Dumb and dumber 

Ranger Rich

We laugh at politicians. We laugh and we point and we shake our heads and no matter how hard we try, we cannot insult them. I do not, of course, mean to imply that they're all buffoons. But you know what they say: The 99 percent of politicians who don't have a soul ruin it for the rest of them.

Eventually in this rant I will get to our state's own Dan Maes, who was deemed by the voters to be not entirely a moron, but pretty close. Somehow, Maes did not get the message.

But let's go back. It started in the modern era, perhaps, with Richard Nixon, a terrific liar and cheat who, upon being forced out of the presidency in August 1974 with impeachment nipping at his heels, climbed the steps to the helicopter on the lawn of the White House, paused at the copter door, raised his right hand and flashed a V for victory.

And we all laughed and pointed and off he went, fleeing a possible prison sentence with a song in his heart and those two fingers in the air.

More recently we had Saddam Hussein. He was a real hoot. During his trial for genocide, he decided to protest something or other and announced the start of a hunger strike. He gave in the next day. Jailers said he missed one meal. We laughed at him. When he was sentenced to death for crimes against humanity, Hussein demanded to be executed by firing squad, not hanged like a "common criminal." We laughed at him again. (People in other countries not only laughed but also threw their shoes at their TVs.)

But laughing and pointing at politicians is not just a national or international event. We do it right here in our own village. Take Lionel Rivera. Please.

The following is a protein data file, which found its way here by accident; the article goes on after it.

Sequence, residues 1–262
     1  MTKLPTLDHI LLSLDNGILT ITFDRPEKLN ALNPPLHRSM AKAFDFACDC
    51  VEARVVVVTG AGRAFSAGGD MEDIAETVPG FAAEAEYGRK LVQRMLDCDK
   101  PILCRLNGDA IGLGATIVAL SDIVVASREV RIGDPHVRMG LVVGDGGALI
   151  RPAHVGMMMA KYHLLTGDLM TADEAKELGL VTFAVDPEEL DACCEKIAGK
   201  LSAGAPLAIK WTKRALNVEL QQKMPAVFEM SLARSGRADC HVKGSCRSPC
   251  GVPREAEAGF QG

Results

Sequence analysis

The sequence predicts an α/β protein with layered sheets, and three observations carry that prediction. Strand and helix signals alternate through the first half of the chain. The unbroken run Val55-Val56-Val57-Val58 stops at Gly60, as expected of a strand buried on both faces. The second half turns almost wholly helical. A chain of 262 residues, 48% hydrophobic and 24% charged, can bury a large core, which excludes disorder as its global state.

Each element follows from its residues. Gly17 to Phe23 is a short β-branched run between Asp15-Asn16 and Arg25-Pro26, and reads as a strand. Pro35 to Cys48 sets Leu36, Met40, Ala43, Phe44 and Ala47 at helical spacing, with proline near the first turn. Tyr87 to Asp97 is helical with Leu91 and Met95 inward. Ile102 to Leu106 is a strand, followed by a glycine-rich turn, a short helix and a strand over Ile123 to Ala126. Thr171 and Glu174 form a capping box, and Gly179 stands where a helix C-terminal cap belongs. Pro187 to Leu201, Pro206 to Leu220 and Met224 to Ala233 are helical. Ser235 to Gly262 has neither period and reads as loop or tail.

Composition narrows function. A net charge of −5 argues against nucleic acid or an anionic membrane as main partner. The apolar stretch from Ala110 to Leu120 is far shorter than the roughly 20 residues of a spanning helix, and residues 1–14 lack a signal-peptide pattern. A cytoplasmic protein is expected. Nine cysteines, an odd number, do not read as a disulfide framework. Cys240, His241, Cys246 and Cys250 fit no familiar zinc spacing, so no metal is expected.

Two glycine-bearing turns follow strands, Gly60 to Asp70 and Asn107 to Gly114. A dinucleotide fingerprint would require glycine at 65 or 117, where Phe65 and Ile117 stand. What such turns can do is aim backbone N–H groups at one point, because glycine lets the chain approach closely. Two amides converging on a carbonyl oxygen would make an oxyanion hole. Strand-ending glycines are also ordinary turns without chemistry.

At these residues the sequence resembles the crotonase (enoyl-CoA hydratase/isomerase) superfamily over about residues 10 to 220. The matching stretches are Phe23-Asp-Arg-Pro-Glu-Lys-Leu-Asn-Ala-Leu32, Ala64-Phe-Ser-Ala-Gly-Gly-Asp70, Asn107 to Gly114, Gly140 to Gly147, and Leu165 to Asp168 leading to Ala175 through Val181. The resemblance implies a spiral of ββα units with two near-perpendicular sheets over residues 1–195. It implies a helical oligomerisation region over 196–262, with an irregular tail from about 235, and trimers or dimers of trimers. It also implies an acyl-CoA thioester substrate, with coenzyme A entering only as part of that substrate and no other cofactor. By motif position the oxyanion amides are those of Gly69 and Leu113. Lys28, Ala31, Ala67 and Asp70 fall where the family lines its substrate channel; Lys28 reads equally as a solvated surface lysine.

Our mayor became quite full of himself back in 2006 and decided he should take his great mind and leadership skills to Washington, D.C. He ran for Congress. Two months before the Republican primary, he hired a polling company. Apparently as some kind of a cruel joke, the polling folks reported that Rivera had a big lead over his five opponents. Rivera screeched and thumped his chest like a gorilla. And I apologize if I have offended any gorillas.

Then, in the August 2006 primary, Rivera got thrashed. Eventual congressman Doug Lamborn gave him a beating. He also lost to guys named Jeff Crank and Bentley Rayburn — the latter of which 87 percent of us believed to be an expensive English car.

Of 385 El Paso County precincts, Rivera won seven. Running as a conservative Republican in El Paso County — mecca for conservative Republicans — he lost 378 of 385 precincts and got 12.86 percent of the vote.

Normal people would be humiliated. Here's what Rivera said, in explaining why some 87 percent of the people voted for someone other than him: We like him so much we didn't want him to leave for Washington.

"I feel very proud of being able to lead the city," Rivera said. "I see no reason to change that."

We laughed and pointed.

And now we have Dan Maes. He ran for governor of Colorado earlier this year. He did not win, which is like saying football player Michael Vick didn't like dogs. In an election won by Denver Mayor John Hickenlooper, Maes finished a very distant third, with just 11 percent of the vote. He was beaten not only by Hickenlooper, but also by career racist Tom Tancrazy, whose entire campaign platform consisted of telling us how much he hates Mexicans.

And now, thanks to our local daily newspaper — the Denver Post — we find out that not only did Maes lose big, but he piled up very questionable mileage charges doing it.

Seems that Maes paid himself and family members more than $90,000 during the campaign, with $66,235 of that listed under mileage charges.

Here now, his explanation: "We put in an enormous amount of travel. That's how we accomplished what we did."

This accomplishment, we remind you, was finishing third in a three-horse race. To put it another way, if Hickenlooper, Tancrazy and Maes were grouped together inside a horse costume, Maes would have been the ass.

Which is, you know, just a metaphor.



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